Best. Metafilter Thread. Ever. A simple theory is mentioned, and then it keeps getting expanding, over and over, in the comments. They’re all worth reading, but I’ve reproduced the most amazing bits here.
My favorite thought-piece about Ferris Bueller is the “Fight Club” theory, in which Ferris Bueller, the person, is just a figment of Cameron’s imagination, like Tyler Durden, and Sloane is the girl Cameron secretly loves.
One day while he’s lying sick in bed, Cameron lets “Ferris” steal his father’s car and take the day off, and as Cameron wanders around the city, all of his interactions with Ferris and Sloane, and all the impossible hijinks, are all just played out in his head. This is part of the reason why the “three” characters can see so much of Chicago in less than one day — Cameron is alone, just imagining it all.
Then the base theory gets expanded:
Yeah, that makes the most sense. Ferris’s family is in reality Cameron’s family. He thinks he’s sick and alone, but the Ferris persona convinces him to go out and be Ferris. Everyone knows him as Ferris; he’s the only one who thinks of himself as the pitiful Cameron. He does actually sneak out, his sister does hate him for breaking free from the rules, Rooney does want to catch him and punish him. Nobody seems to care or even think about Cameron’s absence. Sloan is the only one that sees both of his personalities.
A reply to critics pointing out moments where Ferris interacts with other people:
I’m pretty sure we’ve entered the realm of Lynchian dream logic, and attempts to perfectly explain it are missing the point.
And further details on the Cameron/Sloane relationship:
I stumbled on the notion when I realized that Cameron and Sloane seem to inhabit a different universe than Cameron and Ferris, or Ferris and Sloane. It’s those two who are shyly and sweetly stumbling into a relationship, and “Ferris” is the thing between them. During the parade scene, for example, Ferris vanishes, leaving the two to have an understated and genuine conversation. Then Ferris erupts from a crowd of girls on a parade float, screaming out what Cameron cannot. He is the sausage king of Chicago, Cameron’s frustrated adolescent libido made manifest in the form of a short dude with a vest.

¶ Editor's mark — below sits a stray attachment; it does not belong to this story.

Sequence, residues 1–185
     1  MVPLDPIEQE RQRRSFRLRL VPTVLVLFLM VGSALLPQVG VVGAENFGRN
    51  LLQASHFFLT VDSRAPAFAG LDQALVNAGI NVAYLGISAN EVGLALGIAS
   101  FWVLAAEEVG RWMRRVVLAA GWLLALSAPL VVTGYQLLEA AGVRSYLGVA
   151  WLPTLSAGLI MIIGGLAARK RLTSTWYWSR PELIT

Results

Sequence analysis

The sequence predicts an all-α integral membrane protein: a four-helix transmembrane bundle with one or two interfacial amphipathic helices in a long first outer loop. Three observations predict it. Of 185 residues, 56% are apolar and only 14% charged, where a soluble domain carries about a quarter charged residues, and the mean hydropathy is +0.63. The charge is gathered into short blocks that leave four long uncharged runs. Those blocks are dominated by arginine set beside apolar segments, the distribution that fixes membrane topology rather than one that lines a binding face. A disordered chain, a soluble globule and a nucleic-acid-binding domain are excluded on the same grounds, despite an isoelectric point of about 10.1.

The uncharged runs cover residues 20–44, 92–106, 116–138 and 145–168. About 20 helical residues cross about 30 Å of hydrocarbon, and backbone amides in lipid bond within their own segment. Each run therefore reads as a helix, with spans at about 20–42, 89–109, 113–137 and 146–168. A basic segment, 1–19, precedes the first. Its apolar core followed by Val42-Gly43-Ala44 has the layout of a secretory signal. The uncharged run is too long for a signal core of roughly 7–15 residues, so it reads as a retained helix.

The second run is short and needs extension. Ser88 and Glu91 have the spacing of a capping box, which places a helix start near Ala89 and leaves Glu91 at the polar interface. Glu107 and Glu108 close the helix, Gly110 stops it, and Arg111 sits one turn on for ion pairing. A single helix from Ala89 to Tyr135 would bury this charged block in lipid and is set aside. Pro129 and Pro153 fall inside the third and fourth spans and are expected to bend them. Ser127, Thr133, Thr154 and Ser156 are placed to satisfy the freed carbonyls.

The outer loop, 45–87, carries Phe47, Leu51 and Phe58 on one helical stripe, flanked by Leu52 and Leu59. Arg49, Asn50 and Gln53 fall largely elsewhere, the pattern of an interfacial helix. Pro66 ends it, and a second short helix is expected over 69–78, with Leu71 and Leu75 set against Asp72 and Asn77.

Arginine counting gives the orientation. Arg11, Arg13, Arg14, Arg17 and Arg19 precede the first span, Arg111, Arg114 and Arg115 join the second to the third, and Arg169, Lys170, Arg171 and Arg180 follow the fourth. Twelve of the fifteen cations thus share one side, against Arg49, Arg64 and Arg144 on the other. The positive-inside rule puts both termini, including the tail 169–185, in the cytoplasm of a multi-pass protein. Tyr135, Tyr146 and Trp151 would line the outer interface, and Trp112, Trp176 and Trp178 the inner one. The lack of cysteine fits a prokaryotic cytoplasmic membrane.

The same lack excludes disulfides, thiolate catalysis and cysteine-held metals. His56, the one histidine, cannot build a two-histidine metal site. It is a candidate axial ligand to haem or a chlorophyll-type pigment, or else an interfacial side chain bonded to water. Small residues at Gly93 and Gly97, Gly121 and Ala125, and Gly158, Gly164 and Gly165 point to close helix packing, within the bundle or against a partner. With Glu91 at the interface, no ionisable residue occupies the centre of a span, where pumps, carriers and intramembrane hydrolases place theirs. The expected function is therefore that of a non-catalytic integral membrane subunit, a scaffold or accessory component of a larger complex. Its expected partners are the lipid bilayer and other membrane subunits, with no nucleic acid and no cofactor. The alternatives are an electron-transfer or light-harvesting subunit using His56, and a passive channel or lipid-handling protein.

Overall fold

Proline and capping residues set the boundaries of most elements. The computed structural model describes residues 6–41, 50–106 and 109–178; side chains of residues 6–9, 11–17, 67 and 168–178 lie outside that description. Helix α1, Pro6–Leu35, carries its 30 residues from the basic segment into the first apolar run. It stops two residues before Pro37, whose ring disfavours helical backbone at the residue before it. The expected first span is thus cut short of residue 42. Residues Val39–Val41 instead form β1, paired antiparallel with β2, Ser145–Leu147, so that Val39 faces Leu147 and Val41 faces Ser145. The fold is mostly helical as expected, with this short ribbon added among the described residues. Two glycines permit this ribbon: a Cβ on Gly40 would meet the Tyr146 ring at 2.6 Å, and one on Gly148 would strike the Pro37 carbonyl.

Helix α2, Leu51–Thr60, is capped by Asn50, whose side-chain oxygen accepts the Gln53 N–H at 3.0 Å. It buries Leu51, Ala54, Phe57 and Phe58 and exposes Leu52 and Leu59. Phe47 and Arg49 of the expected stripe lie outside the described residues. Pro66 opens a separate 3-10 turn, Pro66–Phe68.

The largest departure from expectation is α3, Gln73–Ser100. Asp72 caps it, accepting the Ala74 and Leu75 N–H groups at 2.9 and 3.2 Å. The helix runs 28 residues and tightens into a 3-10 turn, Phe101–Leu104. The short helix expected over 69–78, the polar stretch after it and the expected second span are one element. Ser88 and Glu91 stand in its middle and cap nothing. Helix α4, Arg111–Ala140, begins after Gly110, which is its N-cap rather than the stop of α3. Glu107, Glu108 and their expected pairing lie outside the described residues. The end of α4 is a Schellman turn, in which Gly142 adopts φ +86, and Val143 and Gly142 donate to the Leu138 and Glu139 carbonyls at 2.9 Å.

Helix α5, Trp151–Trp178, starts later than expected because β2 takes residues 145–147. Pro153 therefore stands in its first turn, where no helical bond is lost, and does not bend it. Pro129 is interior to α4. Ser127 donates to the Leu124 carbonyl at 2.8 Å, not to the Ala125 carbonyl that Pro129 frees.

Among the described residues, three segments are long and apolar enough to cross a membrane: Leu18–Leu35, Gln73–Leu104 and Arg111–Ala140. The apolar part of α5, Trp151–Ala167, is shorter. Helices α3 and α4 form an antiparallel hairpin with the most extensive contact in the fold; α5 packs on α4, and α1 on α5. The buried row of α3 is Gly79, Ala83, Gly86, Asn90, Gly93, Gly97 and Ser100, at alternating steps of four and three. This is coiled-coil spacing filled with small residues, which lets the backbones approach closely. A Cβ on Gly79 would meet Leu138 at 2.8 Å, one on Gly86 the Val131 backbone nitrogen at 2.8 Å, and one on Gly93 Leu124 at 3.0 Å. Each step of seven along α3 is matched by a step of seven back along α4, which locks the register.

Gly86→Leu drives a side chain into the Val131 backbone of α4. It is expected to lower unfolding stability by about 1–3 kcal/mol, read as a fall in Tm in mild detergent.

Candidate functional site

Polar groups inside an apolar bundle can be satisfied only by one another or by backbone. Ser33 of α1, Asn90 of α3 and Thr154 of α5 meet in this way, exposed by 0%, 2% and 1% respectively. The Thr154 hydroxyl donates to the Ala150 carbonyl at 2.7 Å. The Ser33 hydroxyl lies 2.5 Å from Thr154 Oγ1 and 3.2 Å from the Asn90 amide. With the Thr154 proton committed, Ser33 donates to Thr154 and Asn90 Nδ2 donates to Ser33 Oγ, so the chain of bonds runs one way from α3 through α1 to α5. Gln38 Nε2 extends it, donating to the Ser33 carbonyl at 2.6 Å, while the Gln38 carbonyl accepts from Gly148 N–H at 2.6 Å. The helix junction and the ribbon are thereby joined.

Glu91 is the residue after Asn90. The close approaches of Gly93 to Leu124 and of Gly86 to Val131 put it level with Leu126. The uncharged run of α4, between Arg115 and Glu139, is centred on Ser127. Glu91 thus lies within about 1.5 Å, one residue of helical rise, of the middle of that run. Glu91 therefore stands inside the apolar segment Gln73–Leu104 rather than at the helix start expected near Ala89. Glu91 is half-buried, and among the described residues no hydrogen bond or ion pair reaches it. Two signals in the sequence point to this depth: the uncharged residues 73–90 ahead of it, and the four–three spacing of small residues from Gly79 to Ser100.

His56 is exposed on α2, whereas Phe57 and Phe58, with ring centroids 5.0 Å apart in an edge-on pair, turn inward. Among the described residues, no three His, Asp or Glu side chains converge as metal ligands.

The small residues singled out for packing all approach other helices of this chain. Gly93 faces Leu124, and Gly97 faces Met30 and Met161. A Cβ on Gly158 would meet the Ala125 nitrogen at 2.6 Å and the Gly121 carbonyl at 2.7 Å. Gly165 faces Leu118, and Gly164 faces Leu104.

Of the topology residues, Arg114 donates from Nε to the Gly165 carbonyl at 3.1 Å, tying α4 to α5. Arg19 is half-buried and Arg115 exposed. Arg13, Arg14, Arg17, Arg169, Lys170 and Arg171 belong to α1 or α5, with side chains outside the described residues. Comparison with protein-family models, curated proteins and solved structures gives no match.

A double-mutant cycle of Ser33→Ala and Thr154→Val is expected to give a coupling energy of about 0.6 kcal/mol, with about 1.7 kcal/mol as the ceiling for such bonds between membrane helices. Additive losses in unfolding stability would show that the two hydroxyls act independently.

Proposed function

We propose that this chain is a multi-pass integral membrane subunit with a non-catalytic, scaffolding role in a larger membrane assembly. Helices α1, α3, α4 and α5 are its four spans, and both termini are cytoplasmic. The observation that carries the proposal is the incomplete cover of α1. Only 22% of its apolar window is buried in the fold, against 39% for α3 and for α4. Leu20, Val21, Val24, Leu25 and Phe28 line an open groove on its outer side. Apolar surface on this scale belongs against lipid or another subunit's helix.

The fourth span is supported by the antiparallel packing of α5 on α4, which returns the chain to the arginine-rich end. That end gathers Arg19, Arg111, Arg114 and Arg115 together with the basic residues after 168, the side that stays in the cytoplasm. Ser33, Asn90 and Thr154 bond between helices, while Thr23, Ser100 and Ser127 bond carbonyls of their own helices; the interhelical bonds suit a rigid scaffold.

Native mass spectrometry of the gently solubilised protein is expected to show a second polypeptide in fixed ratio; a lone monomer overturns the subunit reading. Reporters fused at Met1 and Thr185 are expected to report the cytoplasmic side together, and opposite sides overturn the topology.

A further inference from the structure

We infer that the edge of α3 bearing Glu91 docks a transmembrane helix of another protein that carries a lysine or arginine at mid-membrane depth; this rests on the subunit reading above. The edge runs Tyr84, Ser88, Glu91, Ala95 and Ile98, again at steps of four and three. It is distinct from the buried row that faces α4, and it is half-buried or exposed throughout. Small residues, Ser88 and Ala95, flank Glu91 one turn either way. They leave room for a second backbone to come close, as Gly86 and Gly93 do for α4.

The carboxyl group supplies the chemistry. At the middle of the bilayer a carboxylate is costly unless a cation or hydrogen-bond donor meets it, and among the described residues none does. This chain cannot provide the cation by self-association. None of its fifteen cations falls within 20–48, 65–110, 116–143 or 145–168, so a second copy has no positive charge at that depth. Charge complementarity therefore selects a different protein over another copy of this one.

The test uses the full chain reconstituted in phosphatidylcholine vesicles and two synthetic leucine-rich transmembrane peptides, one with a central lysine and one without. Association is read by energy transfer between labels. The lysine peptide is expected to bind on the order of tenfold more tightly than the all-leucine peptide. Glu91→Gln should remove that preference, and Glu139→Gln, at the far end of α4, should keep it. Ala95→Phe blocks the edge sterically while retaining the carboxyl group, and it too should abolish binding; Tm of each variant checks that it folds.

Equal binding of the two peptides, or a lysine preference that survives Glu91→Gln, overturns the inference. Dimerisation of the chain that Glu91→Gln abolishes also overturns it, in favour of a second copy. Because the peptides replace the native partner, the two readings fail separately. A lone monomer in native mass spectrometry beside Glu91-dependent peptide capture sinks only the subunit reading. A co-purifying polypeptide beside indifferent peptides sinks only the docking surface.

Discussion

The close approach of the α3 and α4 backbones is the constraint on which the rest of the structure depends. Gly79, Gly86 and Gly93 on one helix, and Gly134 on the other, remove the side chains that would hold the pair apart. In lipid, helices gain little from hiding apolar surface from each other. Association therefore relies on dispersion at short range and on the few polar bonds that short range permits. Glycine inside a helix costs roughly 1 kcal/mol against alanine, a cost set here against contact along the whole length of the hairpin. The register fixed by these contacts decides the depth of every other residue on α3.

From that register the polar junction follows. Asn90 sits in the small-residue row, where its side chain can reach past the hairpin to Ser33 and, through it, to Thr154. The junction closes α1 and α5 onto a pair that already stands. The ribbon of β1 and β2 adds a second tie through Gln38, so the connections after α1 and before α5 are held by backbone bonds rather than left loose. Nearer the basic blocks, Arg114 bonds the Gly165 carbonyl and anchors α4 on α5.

And the frosting on the cake is this brilliant summary of the Terminator movies, including a jab at the upcoming fourth movie.
The Terminator is Death. It can’t be defeated, only postponed.
In the first movie, the Terminator comes to kill Sarah Connor before she can reproduce- the only way for a part of her to avoid Death. The Terminator is defeated only after Sarah Connor is impregnated.
In Terminator 2, Death returns for Sarah Connor’s offspring, despite her best efforts to protect him. John must accept his own mortality by sacrificing his own protection from Death, bringing John into adulthood.
In Terminator 3, John Connor teams up with a potential mate, but realizes that he cannot defeat Death, and embraces it instead. It’s the least popular movie because it rejects the wish-fulfillment endings of the first two and embraces the reality that the future is set: everyone will die eventually.
In Terminator: Salvation, McG has Batman fight Transformers.